When making the final hiring decision, the agency must conform with § 8b.7(f) of the Illinois Personnel Code: "When the Director [of CMS] establishes eligible lists on the basis of category ratings such as `superior', `excellent', `well-qualified', and `qualified', the veteran eligibles in each such category shall be preferred for appointment before the non-veteran eligibles in the same category." 20 ILCS 415/8b.7(f) (2003). The Illinois Supreme Court held in Denton v. Civil Serv. Comm'n, 176 Ill.2d 144, 153, 223 Ill.Dec. 461, 679 N.E.2d 1234 (1997), that § 8b.7(f) "provides veterans an absolute hiring preference over nonveterans within the same grade category." The court explained, "[W]hen the Director of CMS chooses to organize eligibility lists on the basis of category ratings, a veteran must receive an offer for the job before nonveterans of the same grade category." Id. at 150, 223 Ill.Dec. 461, 679 N.E.2d 1234. Shortly after this decision the Governor's office issued a memorandum to the directors and chief counsels of state agencies stating that "[e]ffective immediately, all agencies, departments, bureaus, boards and commissions subject to the control or direction of the Governor shall conform their personnel practices to the ruling of the Illinois Supreme Court."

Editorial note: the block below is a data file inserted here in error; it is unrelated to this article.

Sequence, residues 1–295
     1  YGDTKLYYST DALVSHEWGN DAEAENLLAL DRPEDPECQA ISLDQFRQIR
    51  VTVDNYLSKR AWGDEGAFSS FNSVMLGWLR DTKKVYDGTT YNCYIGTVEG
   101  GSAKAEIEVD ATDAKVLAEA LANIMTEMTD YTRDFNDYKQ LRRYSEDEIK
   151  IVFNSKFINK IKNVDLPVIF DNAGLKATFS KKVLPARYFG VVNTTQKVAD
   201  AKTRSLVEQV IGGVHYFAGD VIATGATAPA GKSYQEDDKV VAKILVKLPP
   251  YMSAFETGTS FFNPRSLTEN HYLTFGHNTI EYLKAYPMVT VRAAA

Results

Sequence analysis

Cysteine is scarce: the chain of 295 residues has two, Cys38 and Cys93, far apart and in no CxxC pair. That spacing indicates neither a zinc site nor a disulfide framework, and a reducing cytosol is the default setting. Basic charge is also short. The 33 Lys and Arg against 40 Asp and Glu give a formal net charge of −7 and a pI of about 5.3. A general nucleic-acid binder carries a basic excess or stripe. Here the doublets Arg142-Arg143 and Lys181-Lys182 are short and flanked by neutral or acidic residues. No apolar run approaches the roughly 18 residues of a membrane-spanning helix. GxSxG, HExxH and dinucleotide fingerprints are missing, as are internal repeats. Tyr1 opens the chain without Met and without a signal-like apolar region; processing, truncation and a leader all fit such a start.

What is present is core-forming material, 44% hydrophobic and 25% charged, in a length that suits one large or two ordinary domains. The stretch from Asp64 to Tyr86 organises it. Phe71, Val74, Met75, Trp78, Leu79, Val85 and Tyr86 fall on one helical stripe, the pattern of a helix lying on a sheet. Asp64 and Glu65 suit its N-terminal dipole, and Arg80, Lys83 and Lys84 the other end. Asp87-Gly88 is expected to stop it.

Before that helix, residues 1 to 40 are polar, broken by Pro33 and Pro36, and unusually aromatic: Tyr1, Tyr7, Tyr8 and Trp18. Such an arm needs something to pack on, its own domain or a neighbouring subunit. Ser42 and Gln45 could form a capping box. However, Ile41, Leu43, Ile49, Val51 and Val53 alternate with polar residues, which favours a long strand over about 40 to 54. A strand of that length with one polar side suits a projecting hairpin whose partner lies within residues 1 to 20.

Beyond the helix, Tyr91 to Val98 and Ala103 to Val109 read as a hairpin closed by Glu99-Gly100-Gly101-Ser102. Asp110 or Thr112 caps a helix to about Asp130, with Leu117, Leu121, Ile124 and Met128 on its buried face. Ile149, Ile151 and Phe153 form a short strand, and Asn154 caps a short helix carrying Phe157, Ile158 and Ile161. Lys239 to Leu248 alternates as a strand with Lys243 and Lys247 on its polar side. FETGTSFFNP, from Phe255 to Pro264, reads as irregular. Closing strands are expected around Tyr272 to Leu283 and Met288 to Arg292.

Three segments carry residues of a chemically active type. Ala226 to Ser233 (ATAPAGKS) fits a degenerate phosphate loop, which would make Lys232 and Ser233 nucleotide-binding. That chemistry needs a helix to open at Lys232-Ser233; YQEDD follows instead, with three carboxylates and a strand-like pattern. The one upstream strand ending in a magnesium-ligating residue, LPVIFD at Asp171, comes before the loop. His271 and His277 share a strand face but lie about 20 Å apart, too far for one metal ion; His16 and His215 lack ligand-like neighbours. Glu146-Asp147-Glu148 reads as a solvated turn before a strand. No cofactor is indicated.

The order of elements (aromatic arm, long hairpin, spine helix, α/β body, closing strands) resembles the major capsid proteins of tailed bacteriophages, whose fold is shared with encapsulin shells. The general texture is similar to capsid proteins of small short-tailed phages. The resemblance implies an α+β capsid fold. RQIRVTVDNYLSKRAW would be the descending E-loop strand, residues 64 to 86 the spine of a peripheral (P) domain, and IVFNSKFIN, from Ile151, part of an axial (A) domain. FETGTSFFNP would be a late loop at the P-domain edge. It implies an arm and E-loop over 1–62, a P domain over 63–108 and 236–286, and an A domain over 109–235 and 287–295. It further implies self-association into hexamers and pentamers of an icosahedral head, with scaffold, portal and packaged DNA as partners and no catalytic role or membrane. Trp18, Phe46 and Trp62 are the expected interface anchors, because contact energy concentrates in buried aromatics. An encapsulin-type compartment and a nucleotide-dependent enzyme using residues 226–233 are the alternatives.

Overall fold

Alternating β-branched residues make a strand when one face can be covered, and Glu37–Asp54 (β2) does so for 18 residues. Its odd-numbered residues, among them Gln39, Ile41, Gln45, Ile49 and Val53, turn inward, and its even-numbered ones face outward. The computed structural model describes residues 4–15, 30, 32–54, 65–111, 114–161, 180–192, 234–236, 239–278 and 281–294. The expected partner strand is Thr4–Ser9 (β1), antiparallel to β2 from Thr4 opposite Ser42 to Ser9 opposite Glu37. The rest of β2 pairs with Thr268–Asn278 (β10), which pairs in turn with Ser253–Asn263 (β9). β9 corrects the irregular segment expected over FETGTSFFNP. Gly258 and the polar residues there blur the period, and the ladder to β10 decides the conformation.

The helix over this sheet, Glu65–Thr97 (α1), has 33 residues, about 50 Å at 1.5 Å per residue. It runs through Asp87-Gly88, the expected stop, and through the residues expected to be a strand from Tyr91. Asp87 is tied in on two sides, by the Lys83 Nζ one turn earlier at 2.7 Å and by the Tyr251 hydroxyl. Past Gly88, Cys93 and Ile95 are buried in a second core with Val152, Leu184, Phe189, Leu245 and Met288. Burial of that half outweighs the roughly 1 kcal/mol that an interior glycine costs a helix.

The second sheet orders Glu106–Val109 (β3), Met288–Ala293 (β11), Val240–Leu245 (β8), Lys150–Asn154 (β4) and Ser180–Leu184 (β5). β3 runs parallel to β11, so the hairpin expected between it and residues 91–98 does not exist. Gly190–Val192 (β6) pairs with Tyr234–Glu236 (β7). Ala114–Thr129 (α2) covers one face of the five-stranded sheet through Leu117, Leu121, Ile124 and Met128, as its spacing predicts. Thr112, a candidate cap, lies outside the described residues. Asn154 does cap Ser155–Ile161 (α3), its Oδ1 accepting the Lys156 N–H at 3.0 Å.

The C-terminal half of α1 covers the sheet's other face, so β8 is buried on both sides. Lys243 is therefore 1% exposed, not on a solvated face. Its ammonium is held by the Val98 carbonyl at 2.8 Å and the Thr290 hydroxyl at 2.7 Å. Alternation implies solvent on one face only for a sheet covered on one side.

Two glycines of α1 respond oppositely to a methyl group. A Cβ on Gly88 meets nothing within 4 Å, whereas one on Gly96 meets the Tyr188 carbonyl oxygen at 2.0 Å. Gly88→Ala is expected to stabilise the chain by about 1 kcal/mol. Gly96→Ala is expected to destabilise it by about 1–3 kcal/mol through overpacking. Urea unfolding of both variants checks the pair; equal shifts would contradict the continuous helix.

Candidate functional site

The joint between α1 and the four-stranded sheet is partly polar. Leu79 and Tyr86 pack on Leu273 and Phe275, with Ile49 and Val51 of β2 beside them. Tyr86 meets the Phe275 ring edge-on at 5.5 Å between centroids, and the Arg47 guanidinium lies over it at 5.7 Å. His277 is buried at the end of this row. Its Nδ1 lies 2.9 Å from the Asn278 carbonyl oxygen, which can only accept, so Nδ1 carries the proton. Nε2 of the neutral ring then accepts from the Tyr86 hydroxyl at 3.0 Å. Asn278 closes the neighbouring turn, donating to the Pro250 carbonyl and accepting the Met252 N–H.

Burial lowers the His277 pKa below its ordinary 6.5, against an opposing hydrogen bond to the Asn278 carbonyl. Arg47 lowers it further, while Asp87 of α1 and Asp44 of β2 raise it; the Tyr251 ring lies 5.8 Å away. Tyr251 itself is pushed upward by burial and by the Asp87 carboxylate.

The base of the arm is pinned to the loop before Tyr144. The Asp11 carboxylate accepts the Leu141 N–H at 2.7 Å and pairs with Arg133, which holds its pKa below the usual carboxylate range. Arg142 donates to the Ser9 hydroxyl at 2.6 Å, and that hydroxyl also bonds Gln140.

Foster and Terry are both veterans of the armed services. They applied to CMS for civil service jobs during 1995 and 1996 and received "A" category rankings for a number of jobs. Neither Foster nor Terry was hired and nonveterans were hired for some of the jobs for which Foster and Terry received "A" rankings and were turned down.


Foster, Terry, and the VLDF then brought this suit alleging a violation of their due process rights and seeking injunctive relief against the defendants. The plaintiffs sought to certify a class of veterans who were entitled to but denied the absolute veteran's preference in state hiring. The district court rejected the motion for class certification. Subsequently, the court granted the defendant's motion for summary judgment on the grounds that the Eleventh Amendment barred the suit under Pennhurst State Sch. & Hosp. v. Halderman, 465 U.S. 89, 104 S.Ct. 900, 79 L.Ed.2d 67 (1984). Plaintiffs now appeal.

II. Discussion